I read a book a day

Do you ever get the feeling that there is not enough useful information, like an intellectual hunger – you want to watch, listen, read something, but as if there is nothing. You start looking through YouTube for intelectual and interesting content, but it’s either boring or tedious. And I want it to be interesting, but also fun. To like the author, or to feel the benefit from “eating”. In social networks, except for YouTube, it is too difficult to find something like that, so you have to flip through the offered videos, and again you come across familiar authors, who have almost all listened to.

Eventually I came to the point where I started reading books. It’s a strange idea, I agree. Usually after school and uni I don’t want to read anything, but a light detective or a dull love story on vacation, to stretch out not only my body on the bench, but also my brain on an easy read. And it’s not like I’m a missing person – a reader. But after a holiday in Egypt last year, I no longer take up such consumerism. I didn’t read much at all, I wasn’t up to it. And now in Israel there is a unique situation: at first I lived next to a huge booksharing for four months, where the “abstruse” books from all over the neighborhood were taken down.

And now I have moved into a scientist’s apartment filled with 100% quality literature – classics, philosophy, art. I simply adore being surrounded by such books; whatever you take is a masterpiece of world literature. As a result, it’s very easy to choose what to read: anything! And I decided to read a book a day, to get a little smarter in different areas and stop looking at the Internet for food for thought, which is so hard to find there. From each book I remember something – you can say the conclusion or the main idea. And I share it with you. After all, even if you read the same book, I’m sure we will have different conclusions.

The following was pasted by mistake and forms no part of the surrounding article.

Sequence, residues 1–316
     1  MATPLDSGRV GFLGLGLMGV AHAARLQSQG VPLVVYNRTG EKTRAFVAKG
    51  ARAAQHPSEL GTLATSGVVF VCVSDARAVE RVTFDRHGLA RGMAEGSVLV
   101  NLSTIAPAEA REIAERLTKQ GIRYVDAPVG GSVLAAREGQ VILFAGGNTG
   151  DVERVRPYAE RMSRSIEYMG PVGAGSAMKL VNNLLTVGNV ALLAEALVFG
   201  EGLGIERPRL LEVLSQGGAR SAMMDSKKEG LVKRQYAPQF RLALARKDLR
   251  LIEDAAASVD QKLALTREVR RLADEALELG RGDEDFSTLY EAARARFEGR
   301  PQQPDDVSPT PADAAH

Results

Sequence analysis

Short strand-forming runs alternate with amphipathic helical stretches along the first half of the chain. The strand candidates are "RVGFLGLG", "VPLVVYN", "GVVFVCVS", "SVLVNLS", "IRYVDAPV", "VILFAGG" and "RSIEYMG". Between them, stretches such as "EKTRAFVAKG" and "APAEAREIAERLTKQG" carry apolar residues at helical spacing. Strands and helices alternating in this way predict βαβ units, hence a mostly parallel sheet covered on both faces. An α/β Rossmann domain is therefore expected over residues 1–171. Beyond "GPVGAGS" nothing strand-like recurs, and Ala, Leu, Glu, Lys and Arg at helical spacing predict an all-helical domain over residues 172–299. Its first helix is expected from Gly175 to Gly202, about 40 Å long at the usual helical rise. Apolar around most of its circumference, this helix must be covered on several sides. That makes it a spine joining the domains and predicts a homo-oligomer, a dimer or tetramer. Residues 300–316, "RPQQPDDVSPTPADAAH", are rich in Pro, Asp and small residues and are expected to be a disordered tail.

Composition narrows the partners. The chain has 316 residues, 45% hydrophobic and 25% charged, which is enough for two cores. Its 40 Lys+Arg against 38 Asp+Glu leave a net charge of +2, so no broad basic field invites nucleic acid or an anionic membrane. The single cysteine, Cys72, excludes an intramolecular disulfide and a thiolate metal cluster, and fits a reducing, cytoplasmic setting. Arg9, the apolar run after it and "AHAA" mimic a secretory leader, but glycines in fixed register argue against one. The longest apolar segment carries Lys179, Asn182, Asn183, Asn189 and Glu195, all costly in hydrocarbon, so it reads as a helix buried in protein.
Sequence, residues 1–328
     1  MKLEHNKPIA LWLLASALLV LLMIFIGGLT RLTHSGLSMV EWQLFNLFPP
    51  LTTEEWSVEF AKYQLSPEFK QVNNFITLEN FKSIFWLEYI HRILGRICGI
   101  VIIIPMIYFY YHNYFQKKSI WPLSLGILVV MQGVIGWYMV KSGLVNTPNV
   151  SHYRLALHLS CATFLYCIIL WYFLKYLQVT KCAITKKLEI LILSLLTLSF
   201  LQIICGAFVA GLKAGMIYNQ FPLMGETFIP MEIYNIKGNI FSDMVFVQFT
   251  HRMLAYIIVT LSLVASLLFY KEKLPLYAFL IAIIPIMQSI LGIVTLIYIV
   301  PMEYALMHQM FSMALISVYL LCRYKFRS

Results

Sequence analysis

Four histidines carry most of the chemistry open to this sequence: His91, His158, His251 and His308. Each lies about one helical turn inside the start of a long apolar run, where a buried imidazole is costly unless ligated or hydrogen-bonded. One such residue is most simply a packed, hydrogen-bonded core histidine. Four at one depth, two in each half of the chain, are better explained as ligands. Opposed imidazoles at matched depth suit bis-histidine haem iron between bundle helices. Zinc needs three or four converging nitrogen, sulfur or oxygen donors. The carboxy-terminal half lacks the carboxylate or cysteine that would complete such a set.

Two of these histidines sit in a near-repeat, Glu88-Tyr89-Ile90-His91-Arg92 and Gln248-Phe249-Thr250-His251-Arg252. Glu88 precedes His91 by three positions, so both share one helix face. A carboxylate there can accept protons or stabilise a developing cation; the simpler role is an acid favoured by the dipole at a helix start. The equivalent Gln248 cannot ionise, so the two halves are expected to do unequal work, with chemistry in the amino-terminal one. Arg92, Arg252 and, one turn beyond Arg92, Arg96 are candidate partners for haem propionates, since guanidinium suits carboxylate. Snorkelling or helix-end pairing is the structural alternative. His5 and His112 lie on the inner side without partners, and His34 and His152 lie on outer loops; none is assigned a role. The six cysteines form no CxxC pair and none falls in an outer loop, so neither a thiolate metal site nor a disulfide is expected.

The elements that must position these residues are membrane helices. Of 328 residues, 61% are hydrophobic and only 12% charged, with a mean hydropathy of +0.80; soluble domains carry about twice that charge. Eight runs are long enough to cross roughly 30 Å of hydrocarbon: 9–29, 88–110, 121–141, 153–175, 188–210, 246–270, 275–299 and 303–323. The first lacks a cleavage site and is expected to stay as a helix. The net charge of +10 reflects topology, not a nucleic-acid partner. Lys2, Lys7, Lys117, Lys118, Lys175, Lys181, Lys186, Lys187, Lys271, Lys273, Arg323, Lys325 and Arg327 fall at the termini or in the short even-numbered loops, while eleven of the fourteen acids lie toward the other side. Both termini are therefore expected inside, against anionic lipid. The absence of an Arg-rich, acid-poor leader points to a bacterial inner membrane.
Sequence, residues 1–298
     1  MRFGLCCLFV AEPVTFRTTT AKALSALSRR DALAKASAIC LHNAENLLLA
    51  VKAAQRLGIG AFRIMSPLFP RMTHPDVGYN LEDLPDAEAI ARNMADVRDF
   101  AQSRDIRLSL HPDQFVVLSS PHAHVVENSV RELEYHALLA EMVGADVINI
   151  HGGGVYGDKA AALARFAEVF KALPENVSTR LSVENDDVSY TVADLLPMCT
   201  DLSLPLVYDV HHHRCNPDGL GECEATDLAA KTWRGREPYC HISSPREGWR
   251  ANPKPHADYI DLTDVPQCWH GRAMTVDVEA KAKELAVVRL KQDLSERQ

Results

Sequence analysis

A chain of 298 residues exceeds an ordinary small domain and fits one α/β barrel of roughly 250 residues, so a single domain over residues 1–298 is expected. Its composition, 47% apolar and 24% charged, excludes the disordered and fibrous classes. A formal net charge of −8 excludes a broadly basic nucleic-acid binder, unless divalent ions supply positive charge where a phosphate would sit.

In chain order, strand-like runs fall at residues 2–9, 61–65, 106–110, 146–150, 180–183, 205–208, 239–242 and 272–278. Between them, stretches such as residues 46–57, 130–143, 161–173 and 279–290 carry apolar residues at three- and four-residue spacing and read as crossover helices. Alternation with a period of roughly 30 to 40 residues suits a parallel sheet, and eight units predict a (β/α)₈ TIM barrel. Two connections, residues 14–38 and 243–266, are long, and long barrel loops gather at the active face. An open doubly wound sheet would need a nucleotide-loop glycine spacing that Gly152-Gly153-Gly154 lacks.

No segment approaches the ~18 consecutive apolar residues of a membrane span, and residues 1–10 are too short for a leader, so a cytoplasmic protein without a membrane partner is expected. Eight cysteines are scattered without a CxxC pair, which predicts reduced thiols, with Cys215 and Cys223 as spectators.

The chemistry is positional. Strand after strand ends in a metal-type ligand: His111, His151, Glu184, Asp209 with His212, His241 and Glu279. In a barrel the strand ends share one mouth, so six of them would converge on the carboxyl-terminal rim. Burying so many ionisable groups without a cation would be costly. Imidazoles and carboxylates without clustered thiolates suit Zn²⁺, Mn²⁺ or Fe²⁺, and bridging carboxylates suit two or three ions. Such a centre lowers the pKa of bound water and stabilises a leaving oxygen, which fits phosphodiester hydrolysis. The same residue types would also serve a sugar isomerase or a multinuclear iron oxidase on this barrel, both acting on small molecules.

The book in the picture is still from the last apartment: Principles of Art History. The author is Heinrich Wölflin, a renowned art historian who studied art from the perspective of psychology and philosophy. As an artist, it was interesting for me to see that people try to discern a deeper meaning in the form of works, that is, to answer the question, “what did the artist mean through this form?”, “how does this work explain itself?” I learned from this book that the “form, not content” approach can be applied to the analysis of anything.

Is the way things look the essence of what they are?

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